Senate Bill 278 by Sen. Schulz. Allowing the Department of Wildlife to issue permits to persons holding a big game commercial hunting area license to engage in the management of depredating animals by use of aircraft without limitation of statewide season, bag limits, or methods of taking. Depredating animals that could be taken would include feral hogs, bobcats, red fox, coyotes, and crossbreeds between coyotes and dogs. Bill would become effective Nov. 1, 2009. Title struck and passed the Senate Tourism and Wildlife Committee. Bill goes dormant awaiting action by the full Senate.
Senate Bill 245 by Sen. Gumm. Would allow any person holding a nonambulatory motor vehicle hunting permit to be able to hunt on any Department of Wildlife managed lands authorized for hunting. Bill would be effective Nov. 1, 2009. Bill goes dormant in the Senate Tourism and Wildlife Committee.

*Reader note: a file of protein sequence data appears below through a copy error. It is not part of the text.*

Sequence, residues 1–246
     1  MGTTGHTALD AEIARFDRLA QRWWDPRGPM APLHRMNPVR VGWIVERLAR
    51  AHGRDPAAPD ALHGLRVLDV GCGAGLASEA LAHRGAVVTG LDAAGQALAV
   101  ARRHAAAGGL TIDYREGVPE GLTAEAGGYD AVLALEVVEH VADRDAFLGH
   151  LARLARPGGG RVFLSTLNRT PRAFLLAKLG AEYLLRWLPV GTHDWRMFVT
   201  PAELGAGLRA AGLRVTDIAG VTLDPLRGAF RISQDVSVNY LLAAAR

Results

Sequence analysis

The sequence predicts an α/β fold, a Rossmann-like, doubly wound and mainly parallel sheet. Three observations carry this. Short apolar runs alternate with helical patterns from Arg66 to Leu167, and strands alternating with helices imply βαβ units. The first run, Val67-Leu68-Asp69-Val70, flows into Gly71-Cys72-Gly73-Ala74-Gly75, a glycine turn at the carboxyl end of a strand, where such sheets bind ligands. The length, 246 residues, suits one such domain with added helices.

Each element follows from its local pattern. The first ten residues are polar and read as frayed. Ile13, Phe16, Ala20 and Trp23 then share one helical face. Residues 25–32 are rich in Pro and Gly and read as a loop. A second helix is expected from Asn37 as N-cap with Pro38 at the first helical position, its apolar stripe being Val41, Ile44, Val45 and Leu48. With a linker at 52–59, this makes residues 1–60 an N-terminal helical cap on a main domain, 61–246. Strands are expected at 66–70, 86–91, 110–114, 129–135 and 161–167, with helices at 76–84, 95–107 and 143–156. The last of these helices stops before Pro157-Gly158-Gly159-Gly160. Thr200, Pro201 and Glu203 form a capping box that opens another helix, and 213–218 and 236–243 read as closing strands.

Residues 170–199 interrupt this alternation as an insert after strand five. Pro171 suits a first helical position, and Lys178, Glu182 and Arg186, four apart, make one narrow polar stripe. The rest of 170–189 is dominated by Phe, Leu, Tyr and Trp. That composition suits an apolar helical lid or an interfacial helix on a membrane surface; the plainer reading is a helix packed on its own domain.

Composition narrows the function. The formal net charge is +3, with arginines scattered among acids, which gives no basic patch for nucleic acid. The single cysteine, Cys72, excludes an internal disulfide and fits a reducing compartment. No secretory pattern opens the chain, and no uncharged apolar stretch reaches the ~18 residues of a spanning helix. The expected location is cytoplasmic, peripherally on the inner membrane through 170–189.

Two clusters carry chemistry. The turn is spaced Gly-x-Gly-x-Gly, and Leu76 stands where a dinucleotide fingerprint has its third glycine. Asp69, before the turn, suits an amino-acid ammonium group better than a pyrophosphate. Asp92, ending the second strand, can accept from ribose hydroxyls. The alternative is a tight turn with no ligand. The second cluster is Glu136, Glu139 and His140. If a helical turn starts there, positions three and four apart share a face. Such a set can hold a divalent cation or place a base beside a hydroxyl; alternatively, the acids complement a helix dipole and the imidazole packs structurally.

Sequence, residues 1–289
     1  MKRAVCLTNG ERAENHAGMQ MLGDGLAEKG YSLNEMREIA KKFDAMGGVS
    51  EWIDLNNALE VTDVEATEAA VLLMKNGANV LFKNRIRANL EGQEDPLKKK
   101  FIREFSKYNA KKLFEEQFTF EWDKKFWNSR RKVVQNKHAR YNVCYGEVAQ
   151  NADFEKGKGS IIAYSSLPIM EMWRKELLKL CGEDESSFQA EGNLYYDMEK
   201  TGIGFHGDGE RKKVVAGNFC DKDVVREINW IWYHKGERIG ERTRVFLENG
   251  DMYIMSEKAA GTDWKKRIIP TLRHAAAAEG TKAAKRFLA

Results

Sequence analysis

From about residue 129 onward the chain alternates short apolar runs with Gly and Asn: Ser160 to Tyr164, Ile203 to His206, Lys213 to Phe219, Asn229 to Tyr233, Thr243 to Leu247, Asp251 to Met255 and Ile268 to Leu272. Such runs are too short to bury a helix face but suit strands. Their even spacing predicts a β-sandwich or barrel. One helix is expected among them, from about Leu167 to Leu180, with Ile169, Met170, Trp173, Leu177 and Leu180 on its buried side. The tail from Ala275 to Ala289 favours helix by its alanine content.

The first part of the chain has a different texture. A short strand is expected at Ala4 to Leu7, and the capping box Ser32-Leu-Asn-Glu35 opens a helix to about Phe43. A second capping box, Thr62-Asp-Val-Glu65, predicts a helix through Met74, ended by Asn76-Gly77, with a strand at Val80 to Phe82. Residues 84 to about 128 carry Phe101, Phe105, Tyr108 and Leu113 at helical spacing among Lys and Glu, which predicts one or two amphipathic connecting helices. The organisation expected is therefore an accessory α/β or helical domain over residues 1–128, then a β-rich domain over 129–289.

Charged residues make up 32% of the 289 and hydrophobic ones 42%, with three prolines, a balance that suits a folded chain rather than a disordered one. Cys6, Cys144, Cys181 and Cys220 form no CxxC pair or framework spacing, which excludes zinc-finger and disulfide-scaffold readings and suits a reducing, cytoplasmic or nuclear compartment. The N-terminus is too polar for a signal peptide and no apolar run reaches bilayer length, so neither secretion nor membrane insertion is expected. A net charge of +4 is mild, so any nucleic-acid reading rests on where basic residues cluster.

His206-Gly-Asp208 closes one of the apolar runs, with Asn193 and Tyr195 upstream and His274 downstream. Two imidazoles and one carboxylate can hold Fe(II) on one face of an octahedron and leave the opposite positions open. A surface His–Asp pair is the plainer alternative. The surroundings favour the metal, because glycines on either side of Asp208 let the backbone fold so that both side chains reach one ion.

Senate Bill 450 by Sens. Corn and Ellis and Rep. Brannon. Establishes a black bear hunting license for $100 for residents and $500 for nonresidents and specifies the Wildlife Conservation Commission shall decide the open season, bag limits and territorial limitations for hunting black bear. Bill would be effective immediately upon passage. Passed by the Senate 37-7. Title stricken and passed by the House Wildlife Committee. Bill goes dormant awaiting action by the full House.
Senate Bill 625 by Sens. Sparks. Shell bill relating to the Wildlife Department. Bill would be effective Nov. 1, 2009. Bill goes dormant in the Senate Rules Committee.
Senate Bill 626 by Sens. Sparks. Shell bill relating to the Wildlife Department. Bill would be effective Nov. 1, 2009. Bill goes dormant in the Senate Rules Committee.
Senate Bill 627 by Sens. Sparks. Shell bill relating to the Wildlife Department. Bill would be effective Nov. 1, 2009. Bill goes dormant in the Senate Rules Committee.
Senate Bill 628 by Sens. Sparks. Shell bill relating to the Wildlife Department. Bill would be effective Nov. 1, 2009. Bill goes dormant in the Senate Rules Committee.